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Introduction When it comes to beliefs and religions in Vietnam, any Vietnamese will envision a very vivid and rich picture of its manifestations and activities. However, to be able to point out which manifestations are most typical in religious and belief activities in Vietnam, not everyone can easily point them out. Why so? Just because their manifestations are so diverse that one cannot say, what the basic characteristic is. There are many works of scholars and research centers on characteristics of religion, beliefs, and religious and belief activities in Vietnam. These works have shown many characteristics in very diverse and rich aspects. So far, it is not over, so people continue to search, describe, analyze, and debate. For example, Nguyen Thanh Xuan in his book Some Religions in Vietnam (1992), one of the first publications on religion in Vietnam during the reform period (Doi Moi) generalized seven majors religions in Vietnam with many characteristics, but do not point out the main character of religion in Vietnam. Recently, in the textbook Theory of Politics of Religion and Belief, Ho Chi Minh National Academy of Politics (2018) has said that Religion in Vietnam has four characteristics: many different forms of religion; exist black, sociable forms; promotion of the Mother factor; religious followers are mainly peasants. In particular, the author O.V. Novakova (2018) still affirms that Buddhism in Vietnam is recognized to be the state religion by the majority of Vietnamese people. Does this mean that Buddhism is still considered the state religion, as one of the main characteristics of religious activities in Vietnam? It is noteworthy that the majority of Vietnamese people are close to Buddhism but are not Buddhists. To contribute to identifying the characteristics of religious and belief activities in Vietnam, based on recognition by many scholars and researchers of belief and religion in Vietnam, the article tries to use historical and logical methods based on dialectical and materialistic methodology of Marxism-Leninism to analyze the accepted database and to reinforce the author’s choice for core traits of religions and religious life in Vietnam. Thereby, the article helps readers to better understand religions and beliefs in Vietnam and have an accurate view of the situation of religious freedom in Vietnam. Moreover, the authors’ desire is not only to affirm the basic characteristics of religious and belief activities in Vietnam, but also to compare them with other countries to be able to locate the Vietnamese religions within the limits. However, the article does not discuss this issue fully. The reseaches are not over, and the discussion can be furthered in new articles. Diversity and tolerance Vietnam is situated in a special geographic zone with a humid monsoon tropical climate with rich and diverse nature, where cultures of many ethnic groups have flowed together. The environment used to play a very important role in life of Vietnamese people, so their minds gradually became receptacles of numerous gods. That is why the beliefs and religions of the Vietnamese people are chaotic. As soon as world religions had been introduced, Vietnamese actively accepted and adapted them to indigenous ideas and religions. Therefore, along with the development of religion, traditional beliefs remain important part of people’s lives. Many of them have needs for religion, but very often this is not a particular religion . One can either attend the church or go to the temple. This is the striking feature of religious tolerance in Vietnam. “Vietnam has never recorded sectarian conflicts for religious reasons ... Rarely occurs religious violence caused by people.” [US Embassy in Vietnam 2017] This is reflected in daily religious communication activities in Vietnam such as between Buddhists and Catholic clergy in culturally diverse regions such as Thai Binh, Vung Tau, An Giang; between Buddhism and Islam in Dong Nai, An Giang; between Catholics, Protestants and ethnic minorities following traditional beliefs in the Central Highlands; the Tay and Muong live in harmony with the Buddhists and Catholics in the Northwest region; Cham Ba La Mon and Cham Bani have a good relationship with people who are not of the same religion; Theravada Buddhism and Tonkin Buddhism also coexisted in Southern Vietnam. The diversity, and tolerance in religious belief activities in Vietnam is clearly shown through statistics, 26.4% of the population are classified as religious believers: 14.91% are Buddhists, 7.35% are Roman Catholics, 1.09% are Protestants, 1.16% are Cao Dai followers, and 1.47% are Hoa Hao Buddhists. Among the Buddhist community, Tonkin Buddhism is the main religion of the majority, the Kinh (Vietnamese) (about 1.2% of the population, mostly the Khmer ethnic group) practice Southern Buddhism. Smaller religious groups make up less than 0.16% of the population, of which about 70,000 Cham ethnic people practice separate Hinduism in the South Central Coast; about 80,000 Muslims live scattered across the country (of which about 40% follow Sunni lineage; the rest 60% follow Bani Islam); about 3,000 followers of the Baha’i religion; and approximately 1,000 are members of The Church of Jesus Christ of Latter-day Saints (of the Church of Jesus Christ). The indigenous religious groups (Buu Son Ky Huong, Tu An Hieu Nghia, Minh Su Dao, Minh Ly Dao, Pure Land Buddhist Association, Hieu Nghia Ta Lon Buddhism) accounted for a total of 0.34%. A small group, mostly foreigners, are Jewish people residing in Hanoi and Ho Chi Minh City. Other citizens identified themselves with no religion, or beliefs of mascot worship, ancestor worship, village princes, patron saints, national heroes, or people who were respected in local. Many individuals combine traditional forms of worship and religious teachings, especially Buddhism and Christianity. Vietnam has 42 organizations belonging to 16 religions, 29,977 total number of worshiping facilities, 55,839 total dignitaries. The diversity and tolerance are rooted in the nature of Vietnamese people who are easy to believe, easy to be superstitious, they love everything mystical and mysterious. Besides, the Vietnamese do not have the state religion like monotheistic religions with a strict institutional doctrine. The religious beliefs of Vietnamese people, before the acceptance of foreign religions, were polytheistic, so some foreign religions could easily take root and develop. The Vietnamese people pay little attention to dogma, but focus on practicing the religion, so the rigid stubbornness of the scriptures, the institutional strictness are almost absent [Langlois, Đặng Nghiêm Vạn 2004: 529-562], but the religious life of the Vietnamese is richer and easier to develop than those of China, Japan, and other monotheistic countries. Tolerance makes it easy for Vietnamese people to accept and integrate all beliefs and religions. Although these religions and beliefs are very different, they can coexist, be equitable, avoide conflicts and wars, and exist in harmony. Peace in spiritual life is also a philosophy of the Vietnamese people, as is shown in the way of accepting foreign religions: they are not too fanatic, do not like the ascetic way of life, keep a balance so that their life is peaceful and free. In the past, Vietnamese people used to follow Confucianism, but a few people belonged to the Confucian ranks; those who followed Buddhism were not faithful Buddhists; the Taoism followers did not like temples and hermits’ life. One can both follow Confucianism in family and social life; to be in accordance with Buddhism in the effort to destroy craving-anger, awareness of the law of cause and effect, karma, samsara; and just follow Taoism naturally and peacefully of life, free of dust. Such a fusion also served a model for such endogenous religions as Cao Dai and Hoa Hao. In those religions many different doctrines were combined into a very particular religion, with neither contradiction, nor resistance [Đỗ Lan Hiền 2007]. Along with religions, in Vietnam, there is a dense and rich folk belief system. Beliefs in Vietnam also have a full range of genres such as Shamanism, Taoism, Spiritism, etc. Among them, there are some typical beliefs: ancestor worship, village worship, and worship of Three Palaces - Four Palaces. The types of beliefs which are in harmony with religions bear indigenous imprints, contribute to the creation and protection of traditional cultural identities, especially diverse and tolerant in Vietnam. Accompanying the development of the state in history As soon as Vietnam entered the independence and self-reliance period, participation in religion was the spiritual support for the development of the state. For the Ly-Tran dynasty, Buddhism was their main ideology [Nguyễn Đăng Thục 1995]. Besides early Buddhism, Confucianism and Taoism were present in the early period of the monarchy’s development. Later, there were also Hinduism, Hoa Hao Buddhism, and endogenous religion called Cao Dai. Christianity came to Vietnam under the early Le Dynasty through Roman Catholic missionaries, and it developed quite strongly. Catholicism was very influential in the South of the Nguyen Dynasty. However, King Minh Mang returned to a conservative policy of persecuting Catholics until 1858 when the French attacked Vietnam, forcing Tu Duc to finish the Catholic prohibition. About the 10th century Arabic and Malay missionaries brought Islam to Vietnam and strengthened it in the 15th century because the Cham community was originally Hindu. In modern history, the concept that there there is a relationship between the government and the Church, which is not internal, is expressed in President Ho Chi Minh’s Decree: “The government does not interfere in the internal set of religions. As for Catholicism, the religious relationship between the Vietnamese Catholic Church and the Roman Holy See is an internal matter of religion. The government does not interfere and the freedom of belief and freedom of worship is a right of the people” [Đặng Nghiêm Vạn 2001]. By the ordinance 234-SL in 1955 President Ho Chi Minh stated in Article 1: “The Government guarantees freedom of belief and freedom of worship of the people. No one can violate that freedom. Every Vietnamese has the right to follow a religion or not to follow a religion” [Decree No. 223]. With that realization, the government led by Ho Chi Minh built a great bloc having united all followers and non-followers in the revolutionary struggle for national liberation. Entering the Doi Moi period, the Communist Party of Vietnam has had new perceptions. Instead of considering religion as “the opium for the people”, the Party now perceived religion as “a social reality”. Resolution 24-NQ / TW of the Party (10/1990) made a breakthrough in awareness: “Religion is a long-standing problem. Religious belief is the spiritual need of a part of the people. Religious ethics has many things suitable for the construction of a new society” [Resolution 24-NQ / TW of the Party]. After Resolution 24 there was issued Resolution 25-NQ / TW (3/2013) on religious work, that produced a change in affirming renewed ideas about the social reality of religion in a more specific and clear way: “Belief and religion are the spiritual needs of a part of the people, which are and will exist with the nation in the process of building socialism in our country. Religious compatriots are part of the bloc of great national unity. Implement consistently the policy of respecting and ensuring freedom of belief, following or not following a religion, the right to normal religious activities under the law. All religions operate within the legal framework and are equal before the law”. [Ban chấp hành Trung ương 2003] Awareness in Resolution 25 of the Communist Party of Vietnam paved the way for the construction of the 2013 Constitution and the 2016 Law on Beliefs and Religions as the basis for religious activities with the guarantee of the state. Religious activities recorded in legal documents During the Doi Moi period (since 1990) more than 100 legal documents on beliefs and religions were issued, namely: Decree 69 / HDBT (1991) on religious activities; Decree 26 / ND-CP (1999) on religious activities (with circulars guiding the implementation); Ordinance on Beliefs and Religions (2004) of the National Assembly Standing Committee; Decree 92/2012 / ND-CP (2012) detailing and implementing the Ordinance on Beliefs and Religions; Directive 1940 / CT-TTg (2008) of the Prime Minister on houses, land related to religious activities, etc. There are many legal documents with provisions governing the field of beliefs and religions, such as the Civil Code, Penal Code, Land Law, etc. Thus, the 2013 Vietnamese Constitution defines for the first time not only citizens who have the right to freedom of belief and religion but also the rights themselves belonged to everyone and protected by the State. Article 24 of the 2013 Constitution clearly states: “1. Everyone has the right to freedom of belief, religion, following or not following a religion. Religious equality before the law; 2. The State respects and protects the right to freedom of belief and religion; 3. No one is allowed to violate the freedom of belief or religion or take advantage of beliefs and religions to violate the law” [Hiến pháp 2013]. After the Constitution, the Law on Religious Beliefs was drafted in 2016 and came into effect in 2018, having inherited the existing legal provisions, with the addition of regulations to ensure better self-authority. due to belief and religion. The Law on Religious Belief has added a chapter on freedom of belief and religion. The Law on Religious Beliefs refers to manifestations of religious activities such as Registration of religious activities: if the previous registration of religious activities is considered a starting point for the formation of a religious organization. Nowadays, the Law only considers religious activities to satisfy the religious needs of religious followers, but there is no religious organization recognized and registered by the competent state authority as such. The Law introduces the content of dignity, appoints people with foreign nationality to operate for religious organizations in Vietnam. Therefore, foreigners legally residing in Vietnam have the right: to practice religion, to participate in religious activities; to use legal sites for concentrated religious activity; to invite dignitaries, monks to perform religious rituals and preaching; to be admitted to religious institutions, to study at religious training institutions or religious fostering classes of religious organizations in Vietnam; to bring religious publications and religious items to serve the needs of religious activities according to the provisions of Vietnamese law; to supplement the direction of creating conditions for foreigners lawfully residing in Vietnam to enter into religious institutions; to be recognized by a Vietnamese religious organization, to have its dignity, to be allowed to gather their own religious activities at a religious establishment or at another legal place in Vietnam. Some activities only need to notify the competent state agencies, such as: periodic festival announcements; notice the operation of the training institution; notice of enrollment, notice of transfer of dignitaries, positions, monks, notice of annual meeting, announcement of donations; activities of affiliated religious organizations and religious organizations in the fields of health, education, training and social protection expanded in accordance with relevant legal regulations; to encourage and create conditions for religious organizations to deeply participate in charitable and humanitarian purposes. Thanks to the implementation of the Party and State’s policies and laws on freedom of belief and religion, Vietnam has gained great achievements in ensuring the people’s right to freedom of belief and religion. Never before has the religious life in Vietnam developed so strongly as today. All religions live together in harmony, and unite to actively contribute to the cause of national construction and defense [Nguyễn Đức Quỳnh 2018]. Belief and religion are an indispensable part of social, economic, cultural, and political activities With 13.2 million religious followers accounting for 13.7% of the total population of Vietnam , with 13.2 million religious followers accounting for 13.7% of the total population of Vietnam, this is both a resource and a good source of capital. They have obligations, responsibilities and interests in economic development. In the team of business people, the business has a large number of people of all religions. They are thoes who directly produce material possessions, and at the same time create jobs for others. Typical is the contribution of Buddhism to the economic development in Vietnam. That is because the Buddhist ideology respects the maximum effort of one’s self-cultivation, the thought of maximum improvement for the individual, for the society. Also, the thought of the subject integrating with the object, or the meditation method against impatience, subjectivity etc. Social activities of religions relates to medical examination and treatment systems (hospitals, medical centers, clinics); nursing home system; vocational sites; kindergartens, love classes; counseling and nurturing centers for HIV / AIDS infected people; and other support activities. The social activities of religions have practical meaning in the community building and the network of many communities across the country. The religions have passed the religious way of life as ‘sacrament’, ‘renunciation’, ‘out of secrecy’ into a new way of religion, ‘incarnation’. Specifically, Catholics determined to devote themthelves to the Word of God on the bosom of the Vietnam Church, caring after and healing people, helping hose who are hungry and setting free those who are bound. As for Buddhism, ‘embarking on’, ‘entering’ into society, it creates insight into human life, bringing enlightenment and a spirit of liberation to humanity. Clearly, religion shows itself to be an important economic and social resource in Vietnam. Religious culture contributes to shaping modern characteristics of Vietnamese culture when compared to many other cultures in the world. Many religions in the process of being imported into Vietnam, have merged with indigenous beliefs to jointly develop or create endogenous religions bearing Vietnamese nuances such as Cao Dai, Hoa Hao Buddhism, Tu An Hieu Nghia. Although Vietnam is one of the few countries with a relatively large proportion of people declaring non-religious (more than 30%) [Nguyễn Xuân Nghĩa 2010], about 80% of the population has a religious life. Religious architectures such as communal houses, pagodas, churches, churches etc. are material cultural treasures having shaped Vietnam’s image in the world. Besides, there are religious festivals such as Buddha’s Birthday, Yulanpen Festival etc. The Christmas festival contributes to uniting the community, supplementing and preserving the development of good traditions of national culture. Furthermore, spiritual activities in some temples and churches attract tourists and create jobs for people. About politics, security, and national defense, the majority of religions in Vietnam are of exogenous origin, so religious organizations have relationships with the outside, along with the development of information and communication. Religion foreign activities also flourished. It is noteworthy, that in Vietnam hostile forces continue to carry out a plot of sabotage, seeking to incite and entice extremists in religion to create hotspots, causing social instability, creating an excuse for the outside to intervene in Vietnam, putting Vietnam on the list of countries that need special attention on religious freedom (CPC) . Conclusion Religious and belief activities in Vietnam are built on the foundation of traditional historical values and influenced by distinct geopolitical factors. Religious activities manifest quite concentratedly and boldly through the diversity and tolerance associated with the early development of the state and especially clearly confirmed in the legal system of Vietnam in the Doi Moi era. All manifestations of religious activities are closely related to political, economic, cultural and social life. They create harmonious beauty of religious spiritual values in Vietnam. Therefore, in the new context, it is even more important to pay attention to about 30 million religious Vietnamese and a lot more who do not have a religion but carry many faiths. Their lives need to be identified, modeled, and shaped in the common space of one of the most diverse countries in the world in terms of beliefs and religions. In other words, religious and belief activities in Vietnam need to be quantified in the laws of an increasingly highly legalized state. Appendix: Religious Catalog LIST OF RELIGIONS (Until November 1, 2018) (42 organizations of 16 religions are recognized and registered to operate) Code Religion Religious organizations Number of religious organizations 1 Buddhism Vietnam Buddhist Church 1 2 Catholic Vietnamese Catholic Church 2 3 Protestantism 1.The Vietnamese Protestant Church (North) 3 2. The Vietnamese Protestant Church (South) 4 3. Vietnamese Christian Missionary Association 5 4. Mennonite Church of Vietnam 6 5. Vietnamese Christian Union Church 7 6. Vietnamese Presbyterian Protestant Church 8 7. Vietnam Baptist Association 9 8. Vietnamese Baptist Church 10 9. Vietnamese Pentecostal Gospel Church (Registration to operate) 11 10. Vietnam Integrity Gospel Church (Registration grant) 12 4 Cao Dai 1. Tay Ninh Cao Dai Church 13 2. Cao Dai Tien Thien Church 14 3. Chon ly Cao Dai Church 15 4. Cao Dai Minh Chon Church 16 5. Cao Dai Ban Chinh dao Church 17 6. Cao Dai Cau kho Tam quan Church 18 7. Cao Dai Missionary Church 19 8. The Cao Dai Church of Vietnam in Binh Duc 20 9. Cao Dai Bach y lien hoan Chon ly Church 21 10. Cao Dai Chieu Minh Long Chau Church 22 11. Cao Dai Chieu Minh Tam Thanh vo vi Church 23 5 Hoa Hao Buddhism Hoa Hao Buddhist Church 24 6 Islam 1. The Representative Committee of the Muslim Council of Ho Chi Minh City 25 2. The Management Board of Al noor Hanoi Cathedral 26 3. The Muslim Community Representative Committee of An Giang province 27 4. The Representative Committee of the Muslim Community of Tay Ninh province 28 5. The Bani Muslim Monk Council of Ninh Thuan Province 29 6. Bani Muslim Monk Council of Binh Thuan Province 30 7. The Representative Committee of the Muslim Community of Ninh Thuan province 31 7 Baha’i religion Baha’i Vietnam Religious Community 32 8 Tinh do Cu sy Vietnamese Buddhist Association Tinh do Cu sy Vietnamese Buddhist Association 33 9 Tu An Hieu nghia Tu An Hieu nghia 34 10 Bưu Son Ky Huong Buu Son Ky Huong 35 11 Nam Tong Minh Su-Dao Buddhist Church Nam Tong Minh Su-Dao Buddhist Church 36 12 The Church of Minh Ly religion - Tam Tong Mieu The Church of Minh Ly religion - Tam Tong Mieu 37 13 Chăm Bà la môn 1. Council of Champa dignitaries Ninh Thuan province 38 2. The Council of Champa dignitaries in Binh Thuan province 39 14 The Church of Jesus Christ of Latter-day Members (Mormon) The Church of Jesus Christ of Latter-day Members (Mormon) 40 15 Buddhist Hieu Nghia Ta Lon (Registered operation) Buddhist Hieu Nghia Ta Lon (Registered operation) 41 16 Vietnamese Adventist Church Vietnamese Adventist Church 42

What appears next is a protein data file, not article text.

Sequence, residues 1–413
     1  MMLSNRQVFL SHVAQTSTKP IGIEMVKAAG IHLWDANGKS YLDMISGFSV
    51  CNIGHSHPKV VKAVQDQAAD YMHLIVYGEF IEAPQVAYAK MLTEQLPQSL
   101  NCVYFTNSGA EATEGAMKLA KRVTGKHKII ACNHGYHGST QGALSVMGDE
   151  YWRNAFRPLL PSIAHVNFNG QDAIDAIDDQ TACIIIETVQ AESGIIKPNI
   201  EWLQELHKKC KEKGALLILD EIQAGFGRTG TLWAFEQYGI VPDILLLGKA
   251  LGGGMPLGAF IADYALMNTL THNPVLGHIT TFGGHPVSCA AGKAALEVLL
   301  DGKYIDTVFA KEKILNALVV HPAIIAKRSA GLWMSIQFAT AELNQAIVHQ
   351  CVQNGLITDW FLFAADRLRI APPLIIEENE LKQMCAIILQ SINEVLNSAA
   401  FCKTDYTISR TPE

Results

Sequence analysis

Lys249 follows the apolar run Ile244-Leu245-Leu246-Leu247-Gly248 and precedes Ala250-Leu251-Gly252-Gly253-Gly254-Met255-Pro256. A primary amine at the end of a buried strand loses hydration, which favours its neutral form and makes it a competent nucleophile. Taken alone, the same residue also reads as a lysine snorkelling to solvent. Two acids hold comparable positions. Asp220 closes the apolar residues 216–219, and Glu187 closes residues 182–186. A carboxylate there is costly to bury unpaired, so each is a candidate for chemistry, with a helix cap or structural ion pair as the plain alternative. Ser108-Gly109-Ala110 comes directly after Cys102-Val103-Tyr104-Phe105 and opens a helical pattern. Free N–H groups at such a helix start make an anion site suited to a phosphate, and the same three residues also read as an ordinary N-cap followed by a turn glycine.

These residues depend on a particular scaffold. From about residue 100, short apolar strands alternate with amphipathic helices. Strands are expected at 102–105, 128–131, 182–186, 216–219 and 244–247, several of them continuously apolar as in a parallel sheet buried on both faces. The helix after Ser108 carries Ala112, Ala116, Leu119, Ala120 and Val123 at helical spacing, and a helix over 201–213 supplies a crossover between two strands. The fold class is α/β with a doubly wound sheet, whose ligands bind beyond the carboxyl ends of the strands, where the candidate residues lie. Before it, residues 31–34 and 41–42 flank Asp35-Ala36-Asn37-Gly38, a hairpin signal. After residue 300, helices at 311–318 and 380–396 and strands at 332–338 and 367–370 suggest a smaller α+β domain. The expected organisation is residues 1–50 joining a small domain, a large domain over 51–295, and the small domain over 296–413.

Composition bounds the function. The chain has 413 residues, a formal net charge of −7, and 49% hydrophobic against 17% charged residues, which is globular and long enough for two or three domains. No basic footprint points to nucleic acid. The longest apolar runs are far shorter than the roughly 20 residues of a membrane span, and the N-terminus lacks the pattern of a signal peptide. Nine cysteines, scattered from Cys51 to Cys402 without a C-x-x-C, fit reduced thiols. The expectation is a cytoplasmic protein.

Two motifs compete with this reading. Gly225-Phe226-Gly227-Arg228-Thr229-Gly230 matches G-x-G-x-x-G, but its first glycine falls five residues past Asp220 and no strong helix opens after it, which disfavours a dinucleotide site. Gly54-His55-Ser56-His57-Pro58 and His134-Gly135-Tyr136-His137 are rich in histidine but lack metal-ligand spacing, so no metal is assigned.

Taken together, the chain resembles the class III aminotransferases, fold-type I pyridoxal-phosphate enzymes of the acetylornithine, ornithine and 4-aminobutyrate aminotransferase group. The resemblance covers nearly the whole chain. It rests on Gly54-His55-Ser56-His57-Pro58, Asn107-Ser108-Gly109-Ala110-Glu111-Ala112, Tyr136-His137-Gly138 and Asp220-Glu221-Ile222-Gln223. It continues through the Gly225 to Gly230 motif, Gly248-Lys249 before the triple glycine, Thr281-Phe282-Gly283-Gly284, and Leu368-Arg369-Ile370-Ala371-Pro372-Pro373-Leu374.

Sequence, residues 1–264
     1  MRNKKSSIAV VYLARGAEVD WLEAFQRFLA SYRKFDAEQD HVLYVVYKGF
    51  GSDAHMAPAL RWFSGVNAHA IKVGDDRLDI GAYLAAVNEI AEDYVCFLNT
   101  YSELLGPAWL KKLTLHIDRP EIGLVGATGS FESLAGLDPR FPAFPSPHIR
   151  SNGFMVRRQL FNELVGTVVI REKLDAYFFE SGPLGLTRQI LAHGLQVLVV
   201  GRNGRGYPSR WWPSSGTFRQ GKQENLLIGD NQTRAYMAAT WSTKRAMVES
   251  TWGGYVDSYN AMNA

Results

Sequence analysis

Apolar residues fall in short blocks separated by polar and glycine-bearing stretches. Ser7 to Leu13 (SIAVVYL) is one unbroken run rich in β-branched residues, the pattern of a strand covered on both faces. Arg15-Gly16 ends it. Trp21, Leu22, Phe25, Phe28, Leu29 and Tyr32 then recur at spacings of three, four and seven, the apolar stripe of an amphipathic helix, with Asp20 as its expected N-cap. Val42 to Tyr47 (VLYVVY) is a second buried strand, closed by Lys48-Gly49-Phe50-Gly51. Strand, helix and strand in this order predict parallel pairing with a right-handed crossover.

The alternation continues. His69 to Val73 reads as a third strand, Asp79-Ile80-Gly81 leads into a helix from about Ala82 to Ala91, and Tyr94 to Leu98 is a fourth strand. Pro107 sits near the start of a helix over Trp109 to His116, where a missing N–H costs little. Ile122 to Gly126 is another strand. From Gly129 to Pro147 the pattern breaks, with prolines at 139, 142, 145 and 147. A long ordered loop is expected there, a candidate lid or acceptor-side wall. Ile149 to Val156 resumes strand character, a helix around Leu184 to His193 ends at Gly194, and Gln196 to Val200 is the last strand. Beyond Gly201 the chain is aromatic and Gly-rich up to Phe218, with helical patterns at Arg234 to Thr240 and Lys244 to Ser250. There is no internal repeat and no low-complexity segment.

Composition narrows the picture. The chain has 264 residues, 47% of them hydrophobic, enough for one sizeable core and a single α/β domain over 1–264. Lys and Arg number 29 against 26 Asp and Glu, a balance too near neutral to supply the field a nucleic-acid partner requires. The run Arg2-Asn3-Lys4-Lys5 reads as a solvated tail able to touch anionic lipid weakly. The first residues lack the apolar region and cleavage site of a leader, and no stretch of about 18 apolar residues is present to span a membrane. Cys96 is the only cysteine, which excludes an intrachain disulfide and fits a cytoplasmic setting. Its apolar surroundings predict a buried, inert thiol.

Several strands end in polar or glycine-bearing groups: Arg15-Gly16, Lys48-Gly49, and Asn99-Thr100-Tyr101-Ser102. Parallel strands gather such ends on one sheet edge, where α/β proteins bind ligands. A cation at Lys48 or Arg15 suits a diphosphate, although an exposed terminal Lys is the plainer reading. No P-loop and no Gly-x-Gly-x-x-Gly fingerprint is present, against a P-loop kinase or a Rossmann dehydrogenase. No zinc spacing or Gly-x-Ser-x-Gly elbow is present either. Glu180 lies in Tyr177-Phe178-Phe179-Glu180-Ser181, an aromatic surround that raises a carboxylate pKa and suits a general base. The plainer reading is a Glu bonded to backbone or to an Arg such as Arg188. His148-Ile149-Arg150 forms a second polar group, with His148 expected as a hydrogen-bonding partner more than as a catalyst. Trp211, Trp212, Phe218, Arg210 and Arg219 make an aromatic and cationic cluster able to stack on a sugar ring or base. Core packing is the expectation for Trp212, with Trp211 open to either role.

About the authors

Anh Cuong Nguyen

Vietnam National University

Ph.D. (Intern. Relations), Associate Proftssor, Vice Dean of the Faculty of Political Science, VNU University of Social Sciences and Humanities Hanoi

Thi Ngoc Thuy Tran

Thuyloi University

Ph.D. (Intern. Relations), Lecturer, Faculty of political theory Vietnam

Van Nhac Dinh

Vietnam National University

Ph.D. Student, Faculty of political studies, VNU University of Social Sciences and Humanities Hanoi

Hai Anh Nguyen

Vietnam National University

Ph.D. Student, Faculty of religious studies, VNU University of Social Sciences and Humanities Hanoi